Please use this identifier to cite or link to this item: http://hdl.handle.net/2381/26157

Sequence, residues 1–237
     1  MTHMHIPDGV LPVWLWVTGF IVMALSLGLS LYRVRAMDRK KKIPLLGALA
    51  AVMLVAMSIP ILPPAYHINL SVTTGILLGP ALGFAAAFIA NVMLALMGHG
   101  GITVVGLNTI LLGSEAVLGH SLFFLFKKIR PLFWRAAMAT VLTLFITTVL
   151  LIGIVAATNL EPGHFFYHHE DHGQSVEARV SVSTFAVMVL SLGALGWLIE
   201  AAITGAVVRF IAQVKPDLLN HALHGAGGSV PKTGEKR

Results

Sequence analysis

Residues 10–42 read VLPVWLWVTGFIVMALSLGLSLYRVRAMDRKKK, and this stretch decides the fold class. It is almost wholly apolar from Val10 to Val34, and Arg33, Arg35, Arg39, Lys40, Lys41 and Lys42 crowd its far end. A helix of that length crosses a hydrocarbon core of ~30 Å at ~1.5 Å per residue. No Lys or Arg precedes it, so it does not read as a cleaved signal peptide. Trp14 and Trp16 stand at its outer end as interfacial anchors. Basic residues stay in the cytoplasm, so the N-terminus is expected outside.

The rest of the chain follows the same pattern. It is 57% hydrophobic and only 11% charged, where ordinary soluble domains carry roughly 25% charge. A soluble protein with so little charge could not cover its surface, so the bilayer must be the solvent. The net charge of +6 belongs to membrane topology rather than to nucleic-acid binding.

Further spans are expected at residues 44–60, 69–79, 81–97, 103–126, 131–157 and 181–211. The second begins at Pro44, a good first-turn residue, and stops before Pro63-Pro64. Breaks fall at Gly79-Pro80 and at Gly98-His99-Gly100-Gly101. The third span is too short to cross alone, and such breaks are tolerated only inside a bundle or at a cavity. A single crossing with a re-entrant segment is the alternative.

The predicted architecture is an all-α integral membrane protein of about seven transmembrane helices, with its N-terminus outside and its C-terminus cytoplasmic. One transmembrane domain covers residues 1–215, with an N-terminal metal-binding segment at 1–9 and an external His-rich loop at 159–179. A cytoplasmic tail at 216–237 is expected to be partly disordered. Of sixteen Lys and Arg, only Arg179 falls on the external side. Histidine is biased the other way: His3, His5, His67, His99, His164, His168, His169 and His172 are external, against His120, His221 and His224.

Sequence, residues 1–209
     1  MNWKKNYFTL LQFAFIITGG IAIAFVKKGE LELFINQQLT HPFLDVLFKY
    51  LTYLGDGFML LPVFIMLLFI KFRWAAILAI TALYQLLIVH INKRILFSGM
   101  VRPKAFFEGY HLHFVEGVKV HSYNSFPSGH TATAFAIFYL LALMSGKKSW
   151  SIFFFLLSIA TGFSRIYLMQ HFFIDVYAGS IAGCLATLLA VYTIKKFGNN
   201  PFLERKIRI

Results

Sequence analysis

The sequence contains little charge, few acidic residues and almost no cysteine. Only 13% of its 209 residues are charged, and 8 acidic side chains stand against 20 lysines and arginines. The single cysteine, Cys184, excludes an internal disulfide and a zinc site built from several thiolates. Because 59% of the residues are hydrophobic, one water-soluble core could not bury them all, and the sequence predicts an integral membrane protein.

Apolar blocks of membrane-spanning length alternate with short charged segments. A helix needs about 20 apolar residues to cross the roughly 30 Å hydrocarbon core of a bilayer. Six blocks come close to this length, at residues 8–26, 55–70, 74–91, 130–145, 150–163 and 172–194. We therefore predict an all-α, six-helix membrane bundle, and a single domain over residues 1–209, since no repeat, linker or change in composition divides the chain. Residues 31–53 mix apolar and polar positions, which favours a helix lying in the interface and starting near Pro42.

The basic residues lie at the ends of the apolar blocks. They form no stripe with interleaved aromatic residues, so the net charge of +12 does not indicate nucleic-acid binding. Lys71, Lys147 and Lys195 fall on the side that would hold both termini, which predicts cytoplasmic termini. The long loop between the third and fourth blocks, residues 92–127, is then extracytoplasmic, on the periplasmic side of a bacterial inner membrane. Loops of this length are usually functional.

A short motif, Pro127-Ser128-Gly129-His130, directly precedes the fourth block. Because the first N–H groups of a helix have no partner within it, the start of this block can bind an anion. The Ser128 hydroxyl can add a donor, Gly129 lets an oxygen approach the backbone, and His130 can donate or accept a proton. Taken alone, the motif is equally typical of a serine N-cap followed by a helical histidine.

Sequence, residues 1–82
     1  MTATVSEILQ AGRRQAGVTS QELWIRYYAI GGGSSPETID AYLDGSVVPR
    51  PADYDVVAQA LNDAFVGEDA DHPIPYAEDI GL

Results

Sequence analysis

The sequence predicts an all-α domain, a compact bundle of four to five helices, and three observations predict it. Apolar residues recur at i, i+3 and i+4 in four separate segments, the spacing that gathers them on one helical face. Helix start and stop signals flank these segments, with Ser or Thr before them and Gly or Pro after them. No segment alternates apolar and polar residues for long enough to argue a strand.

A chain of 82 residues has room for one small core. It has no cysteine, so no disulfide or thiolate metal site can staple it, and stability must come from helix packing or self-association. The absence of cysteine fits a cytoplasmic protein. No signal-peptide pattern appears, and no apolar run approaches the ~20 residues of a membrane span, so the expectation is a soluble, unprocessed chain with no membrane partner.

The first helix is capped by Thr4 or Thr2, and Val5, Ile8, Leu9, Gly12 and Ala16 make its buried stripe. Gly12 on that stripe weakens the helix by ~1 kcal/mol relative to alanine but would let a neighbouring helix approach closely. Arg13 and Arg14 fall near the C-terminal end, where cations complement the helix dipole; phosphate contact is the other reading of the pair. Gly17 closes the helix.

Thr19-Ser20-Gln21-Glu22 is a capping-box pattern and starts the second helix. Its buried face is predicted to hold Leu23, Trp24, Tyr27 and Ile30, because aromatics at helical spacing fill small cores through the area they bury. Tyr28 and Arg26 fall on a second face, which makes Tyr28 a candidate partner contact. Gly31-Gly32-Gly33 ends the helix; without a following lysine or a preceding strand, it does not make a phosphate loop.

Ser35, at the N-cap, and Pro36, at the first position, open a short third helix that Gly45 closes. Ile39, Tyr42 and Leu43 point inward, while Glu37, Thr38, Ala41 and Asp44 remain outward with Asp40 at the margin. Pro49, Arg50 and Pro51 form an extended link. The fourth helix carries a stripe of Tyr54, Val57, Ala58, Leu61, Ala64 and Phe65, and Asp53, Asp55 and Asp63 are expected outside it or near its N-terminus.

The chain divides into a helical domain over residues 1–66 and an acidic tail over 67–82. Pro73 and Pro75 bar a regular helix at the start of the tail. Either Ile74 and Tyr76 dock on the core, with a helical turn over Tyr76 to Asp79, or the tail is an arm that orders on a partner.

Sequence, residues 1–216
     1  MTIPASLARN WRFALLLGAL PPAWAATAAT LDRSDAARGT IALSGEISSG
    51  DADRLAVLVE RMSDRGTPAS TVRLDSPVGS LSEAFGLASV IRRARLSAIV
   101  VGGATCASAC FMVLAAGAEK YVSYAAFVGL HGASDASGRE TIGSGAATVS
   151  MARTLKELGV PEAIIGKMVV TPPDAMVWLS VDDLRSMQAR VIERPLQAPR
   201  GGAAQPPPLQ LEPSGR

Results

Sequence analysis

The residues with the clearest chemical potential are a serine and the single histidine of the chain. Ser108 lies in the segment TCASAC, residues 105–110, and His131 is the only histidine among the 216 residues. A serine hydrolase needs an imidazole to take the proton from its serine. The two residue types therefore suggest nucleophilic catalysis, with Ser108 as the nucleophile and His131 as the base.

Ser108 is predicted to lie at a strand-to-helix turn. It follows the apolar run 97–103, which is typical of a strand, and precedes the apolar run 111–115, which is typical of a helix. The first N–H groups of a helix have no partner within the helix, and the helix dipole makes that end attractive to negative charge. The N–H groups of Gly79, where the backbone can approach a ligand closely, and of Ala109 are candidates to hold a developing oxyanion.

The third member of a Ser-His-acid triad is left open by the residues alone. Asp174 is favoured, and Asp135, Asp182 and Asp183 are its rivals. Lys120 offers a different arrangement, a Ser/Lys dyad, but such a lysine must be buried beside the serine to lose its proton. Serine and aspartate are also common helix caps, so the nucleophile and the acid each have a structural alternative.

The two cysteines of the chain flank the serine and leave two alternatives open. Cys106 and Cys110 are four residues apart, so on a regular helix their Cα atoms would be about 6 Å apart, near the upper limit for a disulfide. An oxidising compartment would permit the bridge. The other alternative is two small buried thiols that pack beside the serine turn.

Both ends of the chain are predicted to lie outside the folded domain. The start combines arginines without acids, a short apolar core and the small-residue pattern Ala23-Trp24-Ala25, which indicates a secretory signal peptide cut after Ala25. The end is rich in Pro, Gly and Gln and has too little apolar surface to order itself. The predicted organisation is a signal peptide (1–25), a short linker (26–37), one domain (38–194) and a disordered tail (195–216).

Title: Optical and near-infrared observations of the GRB020405 afterglow Authors: Masetti, N.Palazzi, E.Pian, E.Simoncelli, A.Hunt, L. K.Maiorano, E.Levan, A.Christensen, L.Rol, E.Savaglio, S.Falomo, R.Castro-Tirado, A. J.Hjorth, J.Delsanti, A.Pannella, M.Mohan, V.Pandey, S. BSagar, R.Amati, L.Burud, I.Ceron, J. M. C.Frontera, F.Fruchter, A. S.Fynbo, J. P. U.Gorosabel, J.Kaper, L.Klose, S.Kouveliotou, C.Nicastro, L.Pedersen, H.Rhoads, J.Salamanca, I.Tanvir, N.Vreeswijk, P. M.Wijers, R. A. M. J.van den Heuvel, E. P. J. First Published: 1-Jun-2003 Publisher: EDP Sciences for European Southern Observatory (ESO) Citation: Astronomy & Astrophysics, 2003, 404 (2), pp. 465-481 Abstract: We report on photometric, spectroscopic and polarimetric monitoring of the optical and near-infrared (NIR) afterglow of GRB020405. Ground-based optical observations, performed with 8 different telescopes, started about 1 day after the high-energy prompt event and spanned a period of ~10 days; the addition of archival HST data extended the coverage up to ~150 days after the GRB. We report the first detection of the afterglow in NIR bands. The detection of Balmer and oxygen emission lines in the optical spectrum of the host galaxy indicates that the GRB is located at redshift z =0.691. Fe II and Mg II absorption systems are detected at z= 0.691 and at z = 0.472 in the afterglow optical spectrum. The latter system is likely caused by absorbing clouds in the galaxy complex located ~2 '' southwest of the GRB020405 host. Hence, for the first time, the galaxy responsible for an intervening absorption line system in the spectrum of a GRB afterglow is spectroscopically identified. Optical and NIR photometry of the afterglow indicates that, between 1 and 10 days after the GRB, the decay in all bands is consistent with a single power law of index $\alpha = 1.54\pm 0.06$. The late-epoch VLT J-band and HST optical points lie above the extrapolation of this power law, so that a plateau (or "bump") is apparent in the VRIJ light curves at 10-20 days after the GRB. The light curves at epochs later than day ~20 after the GRB are consistent with a power-law decay with index $\alpha' = 1.85\pm 0.15$. While other authors have proposed to reproduce the bump with the template of the supernova (SN) 1998bw, considered the prototypical "hypernova", we suggest that it can also be modeled with a SN having the same temporal profile as the other proposed hypernova SN2002ap, but 1.3 mag brighter at peak, and located at the GRB redshift. Alternatively, a shock re-energization may be responsible for the rebrightening. A single polarimetric R-band measurement shows that the afterglow is polarized, with $P = 1.5\pm 0.4$% and polarization angle $\theta = 172^{\circ}\pm 8^{\circ}$. Broad-band optical-NIR spectral flux distributions show, in the first days after the GRB, a change of slope across the J band which we interpret as due to the presence of the electron cooling frequency $\nu_{\rm c}$. The analysis of the multiwavelength spectrum within the standard fireball model suggests that a population of relativistic electrons with index $p \sim 2.7$ produces the optical-NIR emission via synchrotron radiation in an adiabatically expanding blastwave, with negligible host galaxy extinction, and the X-rays via Inverse Compton scattering off lower-frequency afterglow photons. DOI Link: 10.1051/0004-6361:20030491 ISSN: 0004-6361 Links: http://hdl.handle.net/2381/26157http://www.aanda.org/articles/aa/abs/2003/23/aah4330/aah4330.html Version: Publisher Version Status: Peer-reviewed Type: Journal Article Rights: Copyright © 2003 ESO. Reproduced with permission from Astronomy & Astrophysics, © ESO. Appears in Collections: Published Articles, Dept. of Physics and Astronomy

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